Shurtleff weaves moving passages of narrative with historical accounts and events in a rich tapestry of story. There is a range of perspectives in the story from the main character, Dred Scott, to historical figures through generations. The enormity of Dred Scott's case is described through an array of times and places and people. At times the different characters and histories slow down the story and take it from a 'quick-read' to a more thoughtful inspiring novel. If you are looking for something to get your heart pumping and the adrenaline flowing with fast paced action then this is not what you're looking for. It will appeal to history buffs and to students of the Constitution. Anyone who wants to know, feel, and ponder the injustices of man will find all of it in this story.
Overall I feel like this story is something I can recommend to all of my friends as one of those stories that it is important to remember. Read it, love it, and live more like Dred Scott the 'little giant."
I hate conflict. I shy away from it. Even in books, if there is a particularly nasty, devious character, I hate them and struggle reading the book.
However, a book without conflict is very boring. And a writer cannot write a book that is all roses. (There is a reason why my nickname is rose.)
Last night at writers' Group I shared my story idea with the group and Sir Kirk-A-Lot kept wondering where the conflict was. I need more conflict and struggle. I need to let my characters fail (even though I never fail). Ha!
So now I have the daunting task of finding conflict, even though I want to stay away.
What I really need though is a great antagonist. My personal antagonist is time. Maybe that is young Mr. Jones' antagonist too.
Tuesday, November 10, 2009
Monday, November 9, 2009
Saturday, November 7, 2009
Friday, November 6, 2009
I have one friend on googlechat who always, always has something like "hmmm..." or "Jill is anxious" or "Jill is worried" or "Jill is waiting" and you're just about going nuts thinking, What the heck is going on? Inquiring minds must know the details!
I think I've come up with a way to cope with these tediously ambiguous posts. I make up little vignettes about what's happening. For example, when "Jill" has something like "Jill is dreading tomorrow..." I fill in the blank with "because she's going to find out that her husband is really a stinky werewolf" or "because she knows that the sky is falling." Or when "Jim" says he's worried, I figure he's probably worried that he has to pay protection money to the mob before they send Bruno over to break his legs or possibly worried that he's started to grow a third eyeball in the back of his head.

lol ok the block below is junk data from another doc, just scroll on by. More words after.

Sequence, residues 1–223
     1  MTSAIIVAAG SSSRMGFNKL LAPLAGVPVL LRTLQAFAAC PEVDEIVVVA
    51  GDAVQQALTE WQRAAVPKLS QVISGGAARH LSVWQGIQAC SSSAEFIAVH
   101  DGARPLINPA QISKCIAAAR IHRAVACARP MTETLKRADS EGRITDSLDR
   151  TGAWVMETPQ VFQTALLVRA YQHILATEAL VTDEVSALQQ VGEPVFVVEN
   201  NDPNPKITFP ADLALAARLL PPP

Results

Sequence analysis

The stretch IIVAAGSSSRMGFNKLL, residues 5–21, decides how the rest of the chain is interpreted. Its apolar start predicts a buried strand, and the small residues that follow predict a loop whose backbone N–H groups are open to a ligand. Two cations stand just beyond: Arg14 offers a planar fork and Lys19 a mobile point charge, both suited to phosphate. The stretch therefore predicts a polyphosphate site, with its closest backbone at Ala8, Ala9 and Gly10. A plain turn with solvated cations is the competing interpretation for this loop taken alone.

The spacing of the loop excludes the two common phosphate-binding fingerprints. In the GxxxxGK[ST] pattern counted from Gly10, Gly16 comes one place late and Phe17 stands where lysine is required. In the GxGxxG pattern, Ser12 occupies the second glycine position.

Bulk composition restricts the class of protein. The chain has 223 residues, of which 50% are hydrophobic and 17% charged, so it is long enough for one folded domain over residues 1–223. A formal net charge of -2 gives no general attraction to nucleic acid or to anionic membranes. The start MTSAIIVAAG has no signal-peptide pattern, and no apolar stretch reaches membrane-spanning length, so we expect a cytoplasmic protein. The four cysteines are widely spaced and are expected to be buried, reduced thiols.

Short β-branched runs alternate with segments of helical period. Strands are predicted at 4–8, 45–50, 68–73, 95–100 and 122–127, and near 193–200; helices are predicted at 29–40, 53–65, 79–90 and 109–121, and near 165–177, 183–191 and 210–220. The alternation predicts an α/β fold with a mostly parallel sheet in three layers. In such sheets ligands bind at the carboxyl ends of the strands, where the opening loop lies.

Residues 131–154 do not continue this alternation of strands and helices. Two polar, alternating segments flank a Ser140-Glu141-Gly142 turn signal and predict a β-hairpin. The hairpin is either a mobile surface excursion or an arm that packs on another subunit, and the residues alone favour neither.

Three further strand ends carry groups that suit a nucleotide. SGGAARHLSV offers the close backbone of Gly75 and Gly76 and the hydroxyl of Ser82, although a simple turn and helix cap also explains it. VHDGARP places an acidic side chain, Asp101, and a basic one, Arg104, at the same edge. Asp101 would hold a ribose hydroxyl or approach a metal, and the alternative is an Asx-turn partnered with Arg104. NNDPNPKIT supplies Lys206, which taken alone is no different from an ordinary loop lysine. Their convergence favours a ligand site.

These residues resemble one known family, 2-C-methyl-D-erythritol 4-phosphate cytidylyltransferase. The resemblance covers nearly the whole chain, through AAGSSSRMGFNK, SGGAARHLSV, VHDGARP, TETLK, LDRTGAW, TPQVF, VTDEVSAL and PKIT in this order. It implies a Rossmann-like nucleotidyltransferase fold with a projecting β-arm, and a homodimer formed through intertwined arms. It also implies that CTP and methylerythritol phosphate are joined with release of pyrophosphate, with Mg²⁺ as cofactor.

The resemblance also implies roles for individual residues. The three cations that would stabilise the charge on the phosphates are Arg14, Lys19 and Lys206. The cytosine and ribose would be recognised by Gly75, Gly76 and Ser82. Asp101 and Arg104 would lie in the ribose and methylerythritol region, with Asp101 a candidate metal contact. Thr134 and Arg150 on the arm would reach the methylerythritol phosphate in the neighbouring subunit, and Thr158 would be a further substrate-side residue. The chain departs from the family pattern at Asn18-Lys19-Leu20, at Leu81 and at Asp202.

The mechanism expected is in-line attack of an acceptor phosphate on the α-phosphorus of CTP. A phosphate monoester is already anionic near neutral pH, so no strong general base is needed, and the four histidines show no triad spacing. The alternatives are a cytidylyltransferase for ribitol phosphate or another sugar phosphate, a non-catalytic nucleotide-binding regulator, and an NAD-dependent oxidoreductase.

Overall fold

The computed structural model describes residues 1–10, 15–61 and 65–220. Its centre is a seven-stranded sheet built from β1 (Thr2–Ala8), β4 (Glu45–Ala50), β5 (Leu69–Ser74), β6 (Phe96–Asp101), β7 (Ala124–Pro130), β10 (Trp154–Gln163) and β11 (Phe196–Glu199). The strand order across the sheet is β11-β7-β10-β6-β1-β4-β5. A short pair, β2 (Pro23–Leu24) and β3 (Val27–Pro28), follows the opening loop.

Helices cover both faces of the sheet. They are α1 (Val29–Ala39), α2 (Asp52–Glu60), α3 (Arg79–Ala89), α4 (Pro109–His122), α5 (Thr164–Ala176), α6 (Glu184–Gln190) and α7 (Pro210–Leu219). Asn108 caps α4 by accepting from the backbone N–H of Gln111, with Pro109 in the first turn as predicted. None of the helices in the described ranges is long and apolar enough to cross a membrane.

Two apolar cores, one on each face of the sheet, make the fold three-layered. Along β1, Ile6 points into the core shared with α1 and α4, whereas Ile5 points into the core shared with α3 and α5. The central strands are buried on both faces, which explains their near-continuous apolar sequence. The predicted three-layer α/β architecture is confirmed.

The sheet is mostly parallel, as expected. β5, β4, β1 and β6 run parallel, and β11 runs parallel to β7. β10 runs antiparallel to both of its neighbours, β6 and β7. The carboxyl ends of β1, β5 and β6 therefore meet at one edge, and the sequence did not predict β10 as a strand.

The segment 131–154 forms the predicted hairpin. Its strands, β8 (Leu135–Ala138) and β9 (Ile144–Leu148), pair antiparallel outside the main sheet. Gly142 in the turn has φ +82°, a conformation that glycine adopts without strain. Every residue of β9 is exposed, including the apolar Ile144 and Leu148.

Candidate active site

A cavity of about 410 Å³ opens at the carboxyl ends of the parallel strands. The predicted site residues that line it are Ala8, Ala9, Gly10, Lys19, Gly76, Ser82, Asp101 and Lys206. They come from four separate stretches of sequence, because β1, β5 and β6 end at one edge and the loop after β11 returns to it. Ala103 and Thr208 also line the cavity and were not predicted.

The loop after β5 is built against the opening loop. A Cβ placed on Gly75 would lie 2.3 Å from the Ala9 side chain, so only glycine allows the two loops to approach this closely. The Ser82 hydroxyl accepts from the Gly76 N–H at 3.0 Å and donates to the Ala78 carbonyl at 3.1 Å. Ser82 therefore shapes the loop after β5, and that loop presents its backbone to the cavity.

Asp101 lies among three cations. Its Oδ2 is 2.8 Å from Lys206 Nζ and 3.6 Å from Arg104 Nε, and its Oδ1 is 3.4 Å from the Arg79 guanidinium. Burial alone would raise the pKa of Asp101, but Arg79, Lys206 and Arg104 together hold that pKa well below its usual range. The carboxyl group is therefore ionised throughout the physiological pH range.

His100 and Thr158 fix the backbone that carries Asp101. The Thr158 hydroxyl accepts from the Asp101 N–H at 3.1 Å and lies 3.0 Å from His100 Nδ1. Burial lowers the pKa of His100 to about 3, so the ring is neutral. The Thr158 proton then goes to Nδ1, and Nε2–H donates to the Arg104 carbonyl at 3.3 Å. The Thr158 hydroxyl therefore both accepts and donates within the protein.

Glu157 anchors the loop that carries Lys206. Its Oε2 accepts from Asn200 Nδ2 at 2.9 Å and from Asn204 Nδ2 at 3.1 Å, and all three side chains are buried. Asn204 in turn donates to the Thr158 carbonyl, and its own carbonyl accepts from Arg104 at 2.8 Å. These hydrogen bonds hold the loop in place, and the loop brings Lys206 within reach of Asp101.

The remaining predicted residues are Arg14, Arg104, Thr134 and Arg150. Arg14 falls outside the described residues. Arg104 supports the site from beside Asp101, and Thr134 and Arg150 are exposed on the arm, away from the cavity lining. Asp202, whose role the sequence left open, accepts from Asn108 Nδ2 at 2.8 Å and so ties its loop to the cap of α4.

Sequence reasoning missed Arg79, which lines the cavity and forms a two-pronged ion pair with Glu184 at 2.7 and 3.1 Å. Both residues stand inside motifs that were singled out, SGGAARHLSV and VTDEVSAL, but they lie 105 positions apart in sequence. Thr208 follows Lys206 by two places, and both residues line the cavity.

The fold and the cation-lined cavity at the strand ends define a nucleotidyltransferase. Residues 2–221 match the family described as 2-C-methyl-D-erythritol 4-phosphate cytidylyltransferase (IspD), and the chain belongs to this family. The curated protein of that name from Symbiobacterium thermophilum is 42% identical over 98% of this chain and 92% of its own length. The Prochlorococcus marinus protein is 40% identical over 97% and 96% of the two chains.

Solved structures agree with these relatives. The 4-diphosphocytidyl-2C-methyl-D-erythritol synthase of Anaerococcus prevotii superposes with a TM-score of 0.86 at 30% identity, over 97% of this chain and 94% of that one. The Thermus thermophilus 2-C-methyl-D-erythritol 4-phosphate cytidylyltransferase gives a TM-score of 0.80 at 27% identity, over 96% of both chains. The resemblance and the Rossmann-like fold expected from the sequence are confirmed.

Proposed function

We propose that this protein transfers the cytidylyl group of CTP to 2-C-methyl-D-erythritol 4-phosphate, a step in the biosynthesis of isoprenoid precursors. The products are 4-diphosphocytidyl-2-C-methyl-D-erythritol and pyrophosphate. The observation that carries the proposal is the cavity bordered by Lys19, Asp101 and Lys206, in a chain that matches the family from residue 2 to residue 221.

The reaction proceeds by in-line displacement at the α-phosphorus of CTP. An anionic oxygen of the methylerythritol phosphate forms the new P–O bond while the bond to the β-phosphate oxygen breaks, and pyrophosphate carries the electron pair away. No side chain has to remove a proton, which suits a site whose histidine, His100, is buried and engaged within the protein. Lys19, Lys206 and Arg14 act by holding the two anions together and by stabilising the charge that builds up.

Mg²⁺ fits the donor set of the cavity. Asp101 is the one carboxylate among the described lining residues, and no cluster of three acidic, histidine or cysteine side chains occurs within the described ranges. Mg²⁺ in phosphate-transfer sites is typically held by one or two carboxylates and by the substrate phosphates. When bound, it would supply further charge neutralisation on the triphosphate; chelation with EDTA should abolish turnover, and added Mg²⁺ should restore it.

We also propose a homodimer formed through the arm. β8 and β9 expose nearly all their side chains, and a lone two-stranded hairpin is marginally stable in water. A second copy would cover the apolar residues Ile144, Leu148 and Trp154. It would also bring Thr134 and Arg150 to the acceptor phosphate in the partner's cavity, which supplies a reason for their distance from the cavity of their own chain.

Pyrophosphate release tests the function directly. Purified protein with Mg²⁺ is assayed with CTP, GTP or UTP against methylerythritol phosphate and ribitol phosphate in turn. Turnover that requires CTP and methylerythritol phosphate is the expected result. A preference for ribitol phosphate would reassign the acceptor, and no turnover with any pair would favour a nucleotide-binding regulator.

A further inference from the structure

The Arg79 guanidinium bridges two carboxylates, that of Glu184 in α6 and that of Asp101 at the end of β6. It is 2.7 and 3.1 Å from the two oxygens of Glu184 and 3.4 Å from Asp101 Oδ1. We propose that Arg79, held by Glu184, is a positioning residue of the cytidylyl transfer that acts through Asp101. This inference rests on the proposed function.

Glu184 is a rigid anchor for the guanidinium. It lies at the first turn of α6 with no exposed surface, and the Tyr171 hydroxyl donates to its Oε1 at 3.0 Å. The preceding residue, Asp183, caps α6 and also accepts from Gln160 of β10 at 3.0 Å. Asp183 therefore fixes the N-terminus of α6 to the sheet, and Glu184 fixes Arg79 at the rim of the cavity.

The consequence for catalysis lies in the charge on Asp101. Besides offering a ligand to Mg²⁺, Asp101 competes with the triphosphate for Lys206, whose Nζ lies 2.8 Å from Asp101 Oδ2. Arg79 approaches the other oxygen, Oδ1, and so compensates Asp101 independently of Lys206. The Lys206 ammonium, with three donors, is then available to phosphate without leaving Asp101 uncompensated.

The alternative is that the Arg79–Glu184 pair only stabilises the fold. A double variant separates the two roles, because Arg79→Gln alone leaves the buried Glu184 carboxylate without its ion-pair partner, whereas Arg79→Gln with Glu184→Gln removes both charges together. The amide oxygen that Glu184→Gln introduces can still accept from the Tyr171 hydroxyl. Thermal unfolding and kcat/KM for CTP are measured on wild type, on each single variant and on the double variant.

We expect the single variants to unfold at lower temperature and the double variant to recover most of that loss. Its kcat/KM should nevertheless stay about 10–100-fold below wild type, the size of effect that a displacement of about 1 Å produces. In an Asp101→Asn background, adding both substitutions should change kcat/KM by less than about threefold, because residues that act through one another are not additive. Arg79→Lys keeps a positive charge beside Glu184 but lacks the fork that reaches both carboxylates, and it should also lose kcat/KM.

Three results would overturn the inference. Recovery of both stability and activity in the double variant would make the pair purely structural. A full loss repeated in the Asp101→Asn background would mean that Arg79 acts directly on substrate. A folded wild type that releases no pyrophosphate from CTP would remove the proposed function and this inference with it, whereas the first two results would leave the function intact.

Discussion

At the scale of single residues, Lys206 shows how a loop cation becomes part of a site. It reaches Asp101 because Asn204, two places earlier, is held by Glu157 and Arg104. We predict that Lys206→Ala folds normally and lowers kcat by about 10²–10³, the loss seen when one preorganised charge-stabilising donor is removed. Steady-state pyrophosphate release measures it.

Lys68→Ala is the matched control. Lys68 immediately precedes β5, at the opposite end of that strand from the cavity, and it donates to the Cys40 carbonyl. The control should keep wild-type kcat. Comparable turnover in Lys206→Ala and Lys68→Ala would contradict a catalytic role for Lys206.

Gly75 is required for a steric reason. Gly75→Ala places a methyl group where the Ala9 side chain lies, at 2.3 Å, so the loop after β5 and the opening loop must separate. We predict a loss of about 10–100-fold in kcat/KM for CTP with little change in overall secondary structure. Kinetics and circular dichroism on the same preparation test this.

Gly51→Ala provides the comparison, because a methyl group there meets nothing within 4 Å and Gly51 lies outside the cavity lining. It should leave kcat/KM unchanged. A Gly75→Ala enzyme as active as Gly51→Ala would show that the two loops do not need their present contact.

If you're going to tell the world what you're doing or feeling, let's be more specific, people!
Wednesday, November 4, 2009
Judge One (let's call her Snarkaviscious) is a published romance author. She gave me 116,000 'you rock' points out of a possible 150,000 (point values have been exaggerated slightly) mostly taking points off for the formality of my voice. Her feedback went like this: "Although I was FORCED to judge you on mechanics such as mechanics/grammar etc., I do not think this is publishable as it is because your voice is so formal and stilted. My 13 year old daughter (let's call her Louis Denominator) wouldn't want to read this."
Judge 2 (let's call her Intelligencia the Editor) is a professional trained in writing. She gave me 142,000 YOU ROCK points out of 150,000. She made the following remarks. "You have a nice writing style and a great voice. Be careful of your pacing and comma splices (Yes, I missed some in the new material like 10. Shhh, Kirk.) You have an interesting plot and conflict"...yadda yadda
So here is my question: WHY is it that no matter who looks at this story I can't get a consensus of opinion? It seems that people either love it or hate it and for the exact same reasons. It's not like Snarkaviscious hated Kaya or thought she was uninteresting. She said my voice wasn't clever or edgy enough to be published. While Intelligencia touted the very things that the Snark hated saying that my voice was clear and readable.
Can I please get a great big GRRRRRRR! and maybe a hug? Cause I think I'm about to cry big ol' baby tears of frustration.
I am not new to rejection this is the umpteenth time this year I've dealt with it. Somebody please tell me why we as writer's keep subjecting our creative genius to this type of scrutiny and subjectivity. Is it insanity? Is there a pill to cure it?
When there is a minor ache somewhere, it is usually ignored. If I have some strange shooting pain in my toe, I'll ignore it until I can't walk anymore. If my eye feels weird, I'll ignore that till I need glasses.
I was raised with a nervous mother. She took my sister in so often for x-rays, the Dr. finally said that my sister couldn't have anymore--she was getting too much radiation. Since I have grown, I've become hesitant to rush to the Dr. Office. I hate hearing, "It's just viral, there is nothing we can do." Which translates to me, "You are a fool for coming here. You've wasted $30."
Then, this week, I got another minor ache, it is more uncomfortable than painful. It is just a little weird. I ignored it for a week and then decided I needed to see someone about it. You see, the reason why I'm rushing for medical help is that the little weirdness is happening in my heart.